Monday, May 30, 2011


I read with great interest and concern, your featured article entitled “ Testing the patient” in Sunday STAR 29th May 2011. It is written from a purely business angle, with no attempt to understand the medical way to formulate a diagnosis, and also the human body and disease processes. It is so much easier, to know what should have been done when the diagnosis is finally elucidated. But when you are faced with a clinical problem, say fever, you can never know whether it is going to turn out as dengue fever, or malignant fever due to a occult cancerous process. This problem of fever may have to undergo rigorous testing before the diagnosis is made. Once the diagnosis is made, the disease process eradicated, everything is so obvious. In our fraternity, we say that hind sight is always 20 /20.

It is true that as medicine becomes more complex with many new modes of treatment, sometimes clinical test are done, not just for diagnosis but also to stage diseases, so that diseases can be better treated. Different stage of a disease may require a different approach. It is never a one size fits all.

We in the medical fraternity is also very concern about the great number of test that is sometimes done. It is true that to be comprehensive, and to exclude all medical possibilities, sometimes, test to exclude certain conditions that may present unusually, is done. For example, what appears at first as a common headache is rarely due to a brain tumour. But you and I know that brain tumours does cause headache. So brain scans are sometimes done. You may call this approach a defensive approach, or you may call this thoroughness, depending on who you wish to crucify.

What we are more concern about is test instituted routinely by private medical centers, contracturely upon doctors. Meaning that by a doctor’s contract, when he admits a patient, certain test has to be done. So even if the doctors does not order the test ( not necessary ), the staff will do it. Your spokesman from the Private Hospital group should know that, because for many years, he was party to and enforcer for that kind of contract. We are also very concern about routine test for “ Executive screening profile”. It is virtually a licence to charge whatever you wish. We have 25 year old female being subjected to a stress ECG, which to many of us has such a high incidence of false positives that it should never be done routinely.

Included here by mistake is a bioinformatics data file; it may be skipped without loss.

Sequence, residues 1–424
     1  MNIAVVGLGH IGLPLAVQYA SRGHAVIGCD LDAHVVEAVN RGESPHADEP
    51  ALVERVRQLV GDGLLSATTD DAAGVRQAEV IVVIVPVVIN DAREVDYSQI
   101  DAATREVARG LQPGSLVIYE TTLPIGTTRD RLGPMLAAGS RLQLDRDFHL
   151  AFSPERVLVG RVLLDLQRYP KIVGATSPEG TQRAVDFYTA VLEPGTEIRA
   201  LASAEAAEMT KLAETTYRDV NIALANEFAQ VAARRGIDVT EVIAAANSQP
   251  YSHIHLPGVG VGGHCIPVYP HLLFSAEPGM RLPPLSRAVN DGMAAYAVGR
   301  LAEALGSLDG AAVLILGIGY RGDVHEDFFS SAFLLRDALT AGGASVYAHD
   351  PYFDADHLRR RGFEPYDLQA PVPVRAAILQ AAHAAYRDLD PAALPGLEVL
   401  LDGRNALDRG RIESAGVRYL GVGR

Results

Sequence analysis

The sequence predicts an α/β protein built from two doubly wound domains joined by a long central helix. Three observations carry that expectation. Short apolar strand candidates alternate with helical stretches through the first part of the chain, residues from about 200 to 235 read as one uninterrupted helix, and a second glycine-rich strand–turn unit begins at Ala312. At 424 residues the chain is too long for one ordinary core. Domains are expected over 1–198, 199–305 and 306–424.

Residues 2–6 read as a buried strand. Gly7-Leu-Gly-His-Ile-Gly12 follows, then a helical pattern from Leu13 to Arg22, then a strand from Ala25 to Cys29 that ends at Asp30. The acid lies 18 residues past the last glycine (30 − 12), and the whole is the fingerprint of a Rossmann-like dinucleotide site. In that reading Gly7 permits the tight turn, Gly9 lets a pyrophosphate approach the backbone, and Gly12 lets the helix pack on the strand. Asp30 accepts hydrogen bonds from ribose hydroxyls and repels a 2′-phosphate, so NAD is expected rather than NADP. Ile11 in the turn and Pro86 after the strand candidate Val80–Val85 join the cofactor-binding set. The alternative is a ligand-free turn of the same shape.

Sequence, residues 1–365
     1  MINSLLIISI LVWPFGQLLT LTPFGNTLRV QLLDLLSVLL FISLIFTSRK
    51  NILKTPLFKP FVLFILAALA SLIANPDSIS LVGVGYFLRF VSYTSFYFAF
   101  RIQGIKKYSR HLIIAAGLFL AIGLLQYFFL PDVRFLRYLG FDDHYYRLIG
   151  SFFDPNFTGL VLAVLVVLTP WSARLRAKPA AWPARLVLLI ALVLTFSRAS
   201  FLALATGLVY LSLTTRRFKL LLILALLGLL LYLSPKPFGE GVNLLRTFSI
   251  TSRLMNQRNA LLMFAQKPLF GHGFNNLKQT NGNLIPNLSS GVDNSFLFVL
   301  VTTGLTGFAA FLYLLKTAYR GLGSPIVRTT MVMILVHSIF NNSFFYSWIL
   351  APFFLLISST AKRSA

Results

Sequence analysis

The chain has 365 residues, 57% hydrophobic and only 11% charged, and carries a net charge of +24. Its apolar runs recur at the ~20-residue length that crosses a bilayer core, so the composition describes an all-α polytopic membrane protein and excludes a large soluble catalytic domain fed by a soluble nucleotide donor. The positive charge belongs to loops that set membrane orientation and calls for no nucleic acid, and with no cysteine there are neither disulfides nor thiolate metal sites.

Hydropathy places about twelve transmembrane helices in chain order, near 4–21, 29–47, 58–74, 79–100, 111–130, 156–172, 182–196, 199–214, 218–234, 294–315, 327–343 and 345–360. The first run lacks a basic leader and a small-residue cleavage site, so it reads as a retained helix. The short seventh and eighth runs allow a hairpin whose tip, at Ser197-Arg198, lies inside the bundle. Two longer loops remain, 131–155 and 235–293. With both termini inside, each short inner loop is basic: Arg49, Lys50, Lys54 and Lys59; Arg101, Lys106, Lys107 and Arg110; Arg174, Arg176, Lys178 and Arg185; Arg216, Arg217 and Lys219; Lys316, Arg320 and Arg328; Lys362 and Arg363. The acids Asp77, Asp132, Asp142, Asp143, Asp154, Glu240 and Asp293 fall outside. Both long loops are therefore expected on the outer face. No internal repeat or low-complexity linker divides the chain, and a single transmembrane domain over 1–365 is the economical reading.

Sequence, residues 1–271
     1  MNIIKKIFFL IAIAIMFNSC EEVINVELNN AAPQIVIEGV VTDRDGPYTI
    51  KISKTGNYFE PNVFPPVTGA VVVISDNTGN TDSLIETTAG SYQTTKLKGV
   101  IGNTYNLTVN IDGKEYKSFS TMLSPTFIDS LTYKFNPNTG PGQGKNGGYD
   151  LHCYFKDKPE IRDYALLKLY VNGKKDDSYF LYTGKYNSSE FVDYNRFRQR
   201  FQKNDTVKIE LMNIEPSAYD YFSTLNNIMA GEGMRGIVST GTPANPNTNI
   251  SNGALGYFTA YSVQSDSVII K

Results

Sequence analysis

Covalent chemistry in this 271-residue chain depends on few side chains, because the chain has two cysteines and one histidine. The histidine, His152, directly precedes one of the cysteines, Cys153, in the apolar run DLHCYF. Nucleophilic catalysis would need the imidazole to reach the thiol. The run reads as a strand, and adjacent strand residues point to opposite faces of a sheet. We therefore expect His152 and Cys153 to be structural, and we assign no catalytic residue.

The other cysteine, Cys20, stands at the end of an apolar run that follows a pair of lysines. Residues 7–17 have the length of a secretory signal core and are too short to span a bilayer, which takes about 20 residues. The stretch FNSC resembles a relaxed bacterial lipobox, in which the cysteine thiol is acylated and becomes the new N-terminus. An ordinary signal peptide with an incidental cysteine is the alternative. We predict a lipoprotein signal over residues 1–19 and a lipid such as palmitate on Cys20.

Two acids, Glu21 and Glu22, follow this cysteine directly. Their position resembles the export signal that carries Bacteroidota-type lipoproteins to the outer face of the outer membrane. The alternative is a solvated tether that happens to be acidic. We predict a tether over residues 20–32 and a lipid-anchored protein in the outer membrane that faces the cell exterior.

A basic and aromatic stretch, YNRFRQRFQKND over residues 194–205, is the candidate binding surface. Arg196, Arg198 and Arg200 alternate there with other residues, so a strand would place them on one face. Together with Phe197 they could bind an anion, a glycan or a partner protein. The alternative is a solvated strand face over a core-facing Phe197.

We are very concern about insurance agents who tell their clients, that they must be admitted to hospital if they wish to claim for certain test, that usually does not require admission, say a stress ECG or a brain scan. This is adding to cost.

We are very much against insurance companies who question a medical judgement to do a test, when they are not qualified to do so. Years ago, insurance companies were staff with staff nurses to vet claims. So we have staff nurses querying doctors as to why they do certain test for certain conditions. One even had the audacity to ask why the neuro-surgeon did the cranial removal of a brain tumour through two separate incisions. Our reply was to get your medical consultant to talk to me, or reject the claim and have the patient sue the insurance. One insurance staff asked me why I did a stress test for a 52 year old lady with a grossly ischemic ECG. That is the standard of many medical insurance companies at the moment.